Turn body image dissatisfaction into satisfaction

When was the last time you thanked your body?
When you look in the mirror, how do you talk to/about your body?
When you train and eat, does your body image dictate your choices in a positive or negative way?

An unhealthy body image in athletes can increase the risk for disordered eating habits. 

Avoiding major food groups (carbohydrates), not fueling around/during workouts, skipping meals and snacks and dehydration are some of the examples of unhealthy strategies that athletes often take to gain control over eating in an effort to change body composition/image.

Whether you are an athlete who seeks weight loss/body composition changes to improve overall health, you are an athlete who struggles with body image due to comparison with other athletes, comparison to a past you or overall discomfort with your body image, or you are an athlete who follows a very restrictive diet and extreme exercise routine in an effort to maintain a specific body composition/image which has damaged overall health, irregardless of initial performance gains, it's important to focus on the health of your body...not the image. 

You can't live the rest of your life obsessed with an image.

I'm not saying that you can't change the way you look through diet and exercise but I want you to consider why you want to change AND the methods that will elicit a change in image/body composition. 

It's very common that athletes who are unhappy with their body will seek a diet strategy that involves restriction or food elimination but claim that they are changing the way they eat/fuel in an effort to improve performance.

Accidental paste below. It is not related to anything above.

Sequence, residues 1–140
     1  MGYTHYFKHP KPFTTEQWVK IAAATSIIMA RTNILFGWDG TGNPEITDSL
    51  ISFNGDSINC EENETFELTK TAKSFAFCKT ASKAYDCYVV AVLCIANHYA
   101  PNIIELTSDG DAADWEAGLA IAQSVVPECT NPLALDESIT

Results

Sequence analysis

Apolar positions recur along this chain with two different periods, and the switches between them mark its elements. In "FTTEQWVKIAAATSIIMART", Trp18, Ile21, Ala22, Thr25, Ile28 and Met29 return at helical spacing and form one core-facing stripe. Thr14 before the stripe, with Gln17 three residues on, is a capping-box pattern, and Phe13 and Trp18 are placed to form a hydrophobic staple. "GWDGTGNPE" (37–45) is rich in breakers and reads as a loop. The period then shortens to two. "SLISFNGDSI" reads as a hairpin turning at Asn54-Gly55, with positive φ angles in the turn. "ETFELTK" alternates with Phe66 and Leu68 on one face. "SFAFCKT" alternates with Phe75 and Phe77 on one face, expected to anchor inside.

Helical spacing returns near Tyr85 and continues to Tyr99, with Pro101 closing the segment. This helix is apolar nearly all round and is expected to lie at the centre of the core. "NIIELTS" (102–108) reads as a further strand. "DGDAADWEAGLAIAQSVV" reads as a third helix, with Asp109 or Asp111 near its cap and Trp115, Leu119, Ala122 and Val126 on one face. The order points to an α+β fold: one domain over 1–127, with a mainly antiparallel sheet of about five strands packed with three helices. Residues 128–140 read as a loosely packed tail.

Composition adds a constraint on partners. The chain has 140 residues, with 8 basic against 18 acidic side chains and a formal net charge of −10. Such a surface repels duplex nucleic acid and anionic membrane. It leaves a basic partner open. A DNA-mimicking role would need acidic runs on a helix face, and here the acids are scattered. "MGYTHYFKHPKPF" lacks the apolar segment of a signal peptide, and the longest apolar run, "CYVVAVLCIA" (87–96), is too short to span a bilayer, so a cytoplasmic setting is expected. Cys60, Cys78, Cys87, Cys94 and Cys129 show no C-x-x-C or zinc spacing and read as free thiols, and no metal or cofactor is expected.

It's also common that athletes will follow no extreme style of eating or diet but just focus on eating for fuel and for nourishment and achieve their goal body image and performance gains. 

Many athletes are led to believe that food restriction/elimination is the only way to change/improve body composition. 

I am here to tell you that that thinking is not accurate. 

You CAN change your body composition and eat before a workout.
You CAN lose weight by eating carbohydrates. 
You CAN feel comfortable with your body image.

A dissatisfaction for your body composition can lead you to believe that if you lose weight or change your body composition (get a flatter stomach, decrease your thigh size, get a more muscular butt, etc.) you will enhance your appearance, improve performance or improve your health. 

But the problem isn't your body but instead, what you think about your body. 

When an athlete feels as if losing weight/changing body composition is the only, best or necessary way to improve performance, restrictive eating and/or overexercising may result, often causing disordered eating patterns.

A preoccupation with body image may affect training in that every workout could be affected by what you didn't eat (but should have eaten) or is controlled by what you did eat (feeling guilty).

This is not the way that you should be training or thinking.

Learn to love food.  

For sport RD's who work with athletes, we educate on seeing food for fuel and for nourishment. For myself, I educate on learning how to have a better relationship with food and the body in addition to mastering healthy eating and nailing sport nutrition (I specialize in endurance triathlon sport nutrition).

For nutrition professionals, it is important that any athlete who has a body image obsession or concern, that he/she is detoured from any mass-marketed diet that involves food elimination/restriction. 

If you are uncomfortable with your body image, it is important to ask yourself why. 

Why don't you thank your body more often? 
Why do you need to change the way you look? 
Why don't you love yourself?
Why do you take such extreme measures to change the way you look when you should be focusing on food for fuel and for nourishment? 

Don't destroy your health in an effort to get healthier.
Don't restrict energy when your goal is to have more energy to workout longer, harder or faster. 

It's time to think more about yourself. 

Your body is amazing.